I m aware that the transition into adulthood is a difficult and sometimes painful one I m familiar with the conventions of the rites of passage I know what the literary term bildungsroman means I
"I'm aware that the transition into adulthood is a difficult and sometimes painful one. I'm familiar with the conventions of the rites of passage, I know what the literary term bildungsroman means, I realise that it's inevitable that I'll look back at things that happened in my youth and give a wry, knowing smile. But surely there's no reason why I should be embarrassed and ashamed about things that happened thirty seconds ago? No reason why life should just be this endless rolling panorama of bodged friendships, fumbled opportunities, fatuous conversations, wasted days, idiotic remarks and ill-judged unfunny jokes that just lie on the floor in front of me, flipping about like dying fish?"Starter For Ten is the first novel by British author, David Nicholls. Almost-nineteen-year-old Brian Jackson is starting University. He sees "reading English" as the opportunity to become independent of his widowed mother, meet girls, make new friends, and, who knows, maybe appear on University Challenge (something his Dad would have been thrilled about). He hopes his recently-purchased clothing, his professed hobbies and his conversation will make him seem cool, but knows he is at a disadvantage: "It's not that I'm anti-fashion, it's just that all of the major youth movements I've lived through so far, none have really fitted. At the end of the day, the harsh reality is that if you're a fan of Kate Bush, Charles Dickens, Scrabble, David Attenborough and University "Challenge, then there's not much out there for you in terms of a youth movement." and "When I say I'm interested in badminton what I really mean is that if someone held a gun to my head and forced me, on pain of death, to play one sport, and they were refusing to accept Scrabble as a sport, then that sport would be badminton."His room in his share house will be familiar to many who experienced University during this era: "The room has the appeal and ambience of a murder scene; a single mattress on a metal frame, a matching plywood wardrobe and desk, and two small wood-effect Formica shelves. The carpets are mud-brown and seem to have been woven from compacted pubic hair. A dirty window above the desk looks out onto the dustbins below, whilst a framed sign warns that using Blu-Tack on the walls is punishable by death". Soon after he meets the beautiful Alice Harbinson, also trying out for the University Challenge team, everything he says and does is designed to impress her. He eventually manages to ask her out on a date: "...I check my wallet for the condom that I always carry with me in case of a miracle. This particular condom ....has been in my wallet for so long now that it's stuck to the lining, and the foil wrapper has started to tarnish round the outline of the condom., like some grotesque brass rubbing. Still, I like to carry it with me, in the same way some people carry a St Christopher's medal, despite the fact that I have about as much chance of using the thing tonight as I have of carrying the infant Jesus across a river"Even in his first novel, Nicholls demonstrates his expertise in capturing the era (fashion, popular music, TV programs, ) and in portraying the awkward, hopeful but hopelessly inept protagonist. Readers will wince at Brian's faux pas, cringe at his attempts to impress the girl and laugh out loud at his misfortunes and his self-deprecation, all the while nodding in agreement with his (perhaps naive) reasoning or groaning at his less intelligent decisions. Each chapter is prefaced with a University Challenge question that is loosely related to that chapter.Nicholls evokes the mood with skill: "The four days in between Boxing Day and New Year's Eve are surely the longest and nastiest in the year- a sort of bloated, bastard Sunday. August Bank Holiday's the worst, though. I fully expect to die at about two-thirty in the afternoon on an August Bank Holiday. Terminal ennui". His descriptive prose is wonderfully original: Giggling, she prods me in the chest with the whisky bottle, and I realise she's very drunk; not gloomy drunk or surly drunk, but frisky drunk, playful drunk, which is a good sign, I suppose, but still a little strange and unsettling, like seeing Stalin on a skateboard". He can be succinct and wise: "'Independence' is the luxury of all those people who are too confident, and busy, and popular, and attractive to be just plain old 'lonely'". Laugh-out-loud funny, this entertaining novel is a brilliant debut.Good Starter for Ten Creat David Nicholls go inside Books The year is 1985 Brian Jackson, a working class kid on full scholarship, has started his first term at university He has a dark secret a long held, burning ambition to appear on the wildly popular British TV quiz show University Challenge and now, finally, it seems the dream is about to become reality He s made the school team, and they ve completed the qualifying roundThe year is 1985 Brian Jackson, a working class kid on full scholarship, has started his first term at university He has a dark secret a long held, burning ambition to appear on the wildly popular British TV quiz show University Challenge and now, finally, it seems the dream is about to become reality He s made the school team, and they ve completed the qualifying rounds and are limbering up for their first televised match And, what s , he s fallen head over heels for one of his teammates, the beautiful, brainy, and intimidatingly posh Alice Harbinson Life seems perfect and triumph inevitable but as his world opens up, Brian learns that a little knowledge can be a dangerous thing.. David Nicholls is a British author, screenwriter, and actor A student of Toynbee Comprehensive school and Barton Peveril Sixth Form College, he Graduated from the University of Bristol having studied English Literature and Drama.After graduation, he won a scholarship to study at the American Musical and Dramatic Academy in New York, before returning to London in 1991 and finally earning an Equity card He worked sporadically as an actor for the next eight years, eventually earning a three year stint at the Royal National Theatre, followed by a job at BBC Radio Drama as a script reader researcher This led to script editing jobs at London Weekend Television and Tiger Aspect Productions.During this period, he began to write, developing an adaptation of Sam Shepard s stage play Simpatico with the director Matthew Warchus, an old friend from University He also wrote his first original script, a situation comedy about frustrated waiters, Waiting, which was later optioned by the BBC.Simpatico was turned into a feature film in 1999, and this allowed David to start writing full time He has been twice nominated for BAFTA awards and his first novel, Starter for Ten was featured on the first Richard and Judy Book Club.. Bestseller Ebook Starter for Ten This was a First-Reads win, so I desperately wanted to like this book. It's a coming-of-age story about an awkward, nerdy main character. In fact, this character is like many a person I've known during my own coming-of-age period in my life. Unfortunately, unlike the many similar people I've known and liked and befriended, Brian Jackson lacks any redeeming quality that makes me, the reader, want to root for him. The first forty pages of the book had me slightly interested in learning what would happen to Brian, the earnest kid with friends back home and a mother living alone, when he goes off to school by himself. I expected a story of growth, of adventure, of mishaps and character clashes. Instead, what I got was a completely off-putting story about a guy who imagines he falls head over heels in love with a girl (whose only attractive quality is that she is luminously beautiful). In the course of pursuing this girl, Brian throws everything away - his friends, his family, his own integrity - and the reader never learns who the real Brian is, or what he could amount to. In fact, I felt that I hated the main character more and more with each chapter. Normally, I'd put the book down after reaching mid-way point but... I felt I owed it to the Goodreads community to at least read it once through. I was relieved when the book was over. It was, to say the least, a disappointing experience. I'm truly sorry I didn't enjoy the book more and am not able to give a more positive review, but I figure the point of First-Reads is to provide a body of honest, reliable feedback. So... there it is.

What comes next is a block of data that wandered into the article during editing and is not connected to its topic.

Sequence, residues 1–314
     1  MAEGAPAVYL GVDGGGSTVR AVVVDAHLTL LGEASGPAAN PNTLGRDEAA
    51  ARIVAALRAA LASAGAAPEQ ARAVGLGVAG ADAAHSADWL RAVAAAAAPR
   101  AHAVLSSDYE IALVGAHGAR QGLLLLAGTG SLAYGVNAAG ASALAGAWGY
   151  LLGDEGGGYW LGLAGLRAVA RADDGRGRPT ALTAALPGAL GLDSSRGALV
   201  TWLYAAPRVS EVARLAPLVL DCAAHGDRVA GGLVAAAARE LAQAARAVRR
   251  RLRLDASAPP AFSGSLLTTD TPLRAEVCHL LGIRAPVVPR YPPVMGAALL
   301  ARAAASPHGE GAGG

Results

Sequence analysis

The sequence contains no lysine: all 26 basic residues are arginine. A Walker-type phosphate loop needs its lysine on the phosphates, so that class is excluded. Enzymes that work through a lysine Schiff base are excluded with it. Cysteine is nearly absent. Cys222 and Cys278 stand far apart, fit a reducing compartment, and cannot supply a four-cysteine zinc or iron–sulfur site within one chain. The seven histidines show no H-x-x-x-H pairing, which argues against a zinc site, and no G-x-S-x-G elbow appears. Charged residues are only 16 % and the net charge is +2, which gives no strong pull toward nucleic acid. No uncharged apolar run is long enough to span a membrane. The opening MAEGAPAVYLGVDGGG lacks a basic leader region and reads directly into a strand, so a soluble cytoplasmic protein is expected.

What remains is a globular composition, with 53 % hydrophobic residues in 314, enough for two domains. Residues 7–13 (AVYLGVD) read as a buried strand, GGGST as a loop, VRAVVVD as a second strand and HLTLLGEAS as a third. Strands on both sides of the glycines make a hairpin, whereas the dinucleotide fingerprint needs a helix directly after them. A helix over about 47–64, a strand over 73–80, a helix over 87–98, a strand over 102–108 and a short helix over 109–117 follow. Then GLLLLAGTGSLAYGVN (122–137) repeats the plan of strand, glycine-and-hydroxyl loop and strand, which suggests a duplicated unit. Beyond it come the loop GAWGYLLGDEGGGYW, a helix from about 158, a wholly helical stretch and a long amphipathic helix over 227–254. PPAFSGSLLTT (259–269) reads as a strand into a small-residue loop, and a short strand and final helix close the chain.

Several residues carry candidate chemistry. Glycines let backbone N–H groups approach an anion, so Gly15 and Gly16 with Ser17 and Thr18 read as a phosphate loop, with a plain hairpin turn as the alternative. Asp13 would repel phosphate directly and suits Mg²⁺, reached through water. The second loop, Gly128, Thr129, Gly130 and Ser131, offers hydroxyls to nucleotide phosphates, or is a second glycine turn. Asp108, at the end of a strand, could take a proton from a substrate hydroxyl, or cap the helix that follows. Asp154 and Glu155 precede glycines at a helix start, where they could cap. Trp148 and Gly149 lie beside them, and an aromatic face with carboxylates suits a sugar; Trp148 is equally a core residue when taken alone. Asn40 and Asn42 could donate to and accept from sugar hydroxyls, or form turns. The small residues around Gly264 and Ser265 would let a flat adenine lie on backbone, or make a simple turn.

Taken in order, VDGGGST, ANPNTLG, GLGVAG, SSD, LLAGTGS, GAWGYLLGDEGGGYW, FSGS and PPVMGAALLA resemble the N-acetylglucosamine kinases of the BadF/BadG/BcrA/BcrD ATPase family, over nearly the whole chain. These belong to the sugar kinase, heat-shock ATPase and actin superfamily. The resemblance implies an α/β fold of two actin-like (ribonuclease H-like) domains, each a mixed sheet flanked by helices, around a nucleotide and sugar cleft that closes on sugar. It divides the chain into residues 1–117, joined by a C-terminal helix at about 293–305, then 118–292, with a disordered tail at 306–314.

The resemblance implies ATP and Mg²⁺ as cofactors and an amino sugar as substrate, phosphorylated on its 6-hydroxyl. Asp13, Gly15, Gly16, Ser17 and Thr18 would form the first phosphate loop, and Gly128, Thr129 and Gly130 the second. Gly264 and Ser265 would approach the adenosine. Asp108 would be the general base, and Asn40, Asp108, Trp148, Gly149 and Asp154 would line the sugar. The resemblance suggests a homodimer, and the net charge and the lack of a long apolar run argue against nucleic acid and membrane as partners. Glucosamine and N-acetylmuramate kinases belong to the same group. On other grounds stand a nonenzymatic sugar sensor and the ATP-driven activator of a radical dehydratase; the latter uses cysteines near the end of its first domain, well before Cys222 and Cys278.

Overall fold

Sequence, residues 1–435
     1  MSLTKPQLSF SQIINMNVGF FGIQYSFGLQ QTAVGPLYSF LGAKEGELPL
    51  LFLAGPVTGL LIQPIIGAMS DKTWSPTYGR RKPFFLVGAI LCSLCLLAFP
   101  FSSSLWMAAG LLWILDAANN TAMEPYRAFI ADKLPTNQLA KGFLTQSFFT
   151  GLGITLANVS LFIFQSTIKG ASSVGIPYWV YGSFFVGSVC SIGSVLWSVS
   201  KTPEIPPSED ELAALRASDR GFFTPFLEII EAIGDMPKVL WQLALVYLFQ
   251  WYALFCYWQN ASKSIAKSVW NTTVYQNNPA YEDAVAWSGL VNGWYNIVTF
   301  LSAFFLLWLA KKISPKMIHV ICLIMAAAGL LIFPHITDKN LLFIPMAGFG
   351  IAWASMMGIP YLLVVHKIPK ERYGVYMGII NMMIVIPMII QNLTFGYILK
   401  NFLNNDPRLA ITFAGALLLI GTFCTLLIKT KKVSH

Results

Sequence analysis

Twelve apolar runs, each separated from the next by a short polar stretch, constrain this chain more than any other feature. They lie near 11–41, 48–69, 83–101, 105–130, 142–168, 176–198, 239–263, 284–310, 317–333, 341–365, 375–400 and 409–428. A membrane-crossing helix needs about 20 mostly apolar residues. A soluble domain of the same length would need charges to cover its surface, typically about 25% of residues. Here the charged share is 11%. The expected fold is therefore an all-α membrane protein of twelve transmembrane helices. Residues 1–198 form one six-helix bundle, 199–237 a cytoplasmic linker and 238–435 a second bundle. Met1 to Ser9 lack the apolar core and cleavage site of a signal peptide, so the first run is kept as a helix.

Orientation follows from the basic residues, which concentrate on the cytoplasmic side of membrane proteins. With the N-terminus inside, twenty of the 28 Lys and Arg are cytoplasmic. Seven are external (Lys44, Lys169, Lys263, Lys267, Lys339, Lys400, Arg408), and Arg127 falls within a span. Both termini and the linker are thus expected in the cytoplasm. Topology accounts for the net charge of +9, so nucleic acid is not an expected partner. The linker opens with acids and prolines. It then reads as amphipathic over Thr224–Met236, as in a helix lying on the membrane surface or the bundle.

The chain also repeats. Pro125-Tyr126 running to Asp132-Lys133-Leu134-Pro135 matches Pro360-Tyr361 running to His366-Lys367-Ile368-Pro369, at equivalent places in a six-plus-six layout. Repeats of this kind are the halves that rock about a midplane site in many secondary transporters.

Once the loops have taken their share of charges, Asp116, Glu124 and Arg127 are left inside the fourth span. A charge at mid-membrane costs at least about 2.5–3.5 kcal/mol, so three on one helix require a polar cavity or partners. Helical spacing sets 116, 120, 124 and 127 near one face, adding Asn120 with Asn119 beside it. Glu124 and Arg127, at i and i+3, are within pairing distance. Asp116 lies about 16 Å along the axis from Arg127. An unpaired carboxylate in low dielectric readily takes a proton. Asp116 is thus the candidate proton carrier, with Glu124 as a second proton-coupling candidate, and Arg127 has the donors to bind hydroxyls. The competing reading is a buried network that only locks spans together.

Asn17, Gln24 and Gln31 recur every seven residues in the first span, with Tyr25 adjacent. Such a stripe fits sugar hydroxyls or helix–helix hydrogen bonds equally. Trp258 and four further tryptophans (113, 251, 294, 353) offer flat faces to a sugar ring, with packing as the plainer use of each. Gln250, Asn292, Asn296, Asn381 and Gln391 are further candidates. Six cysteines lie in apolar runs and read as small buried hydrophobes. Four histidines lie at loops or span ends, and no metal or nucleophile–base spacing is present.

Starter for Nov , Directed by Tom Vaughan from an agile screenplay by David Nicholls, Starter for Ten is the best movie John Hughes would have made if he was English and set his comedies in college instead of high school Though predictable and erratically paced, there s a real suggestion of university life in it And McAvoy s creation wrings true emotion. Starter for film Starter for Rotten Tomatoes Feb , Starter For is a spirited coming of age tale that remains charming and witty even as it veers into darker teritory The unique setting of a Starter for Ten A Novel Nicholls, David The plot of the Starter for Ten the name under which I bought this, I guess it s the movie title rather than the original title of Nicholls novel is year old Brian Jackson, off to university, adventures ensuing. Starter for Ten by David Nicholls Starter For Ten is a brilliant read however the main character is a bit of an oddball Brian Jackson is a lanky and rather geeky boy that is unbelievably socially inept. Watch Starter For Prime Video Starter For . h min X Ray PG HBO HD A brilliant young man heads to college bent on leading his school on a TV quiz show, only to get caught up in personal entanglements.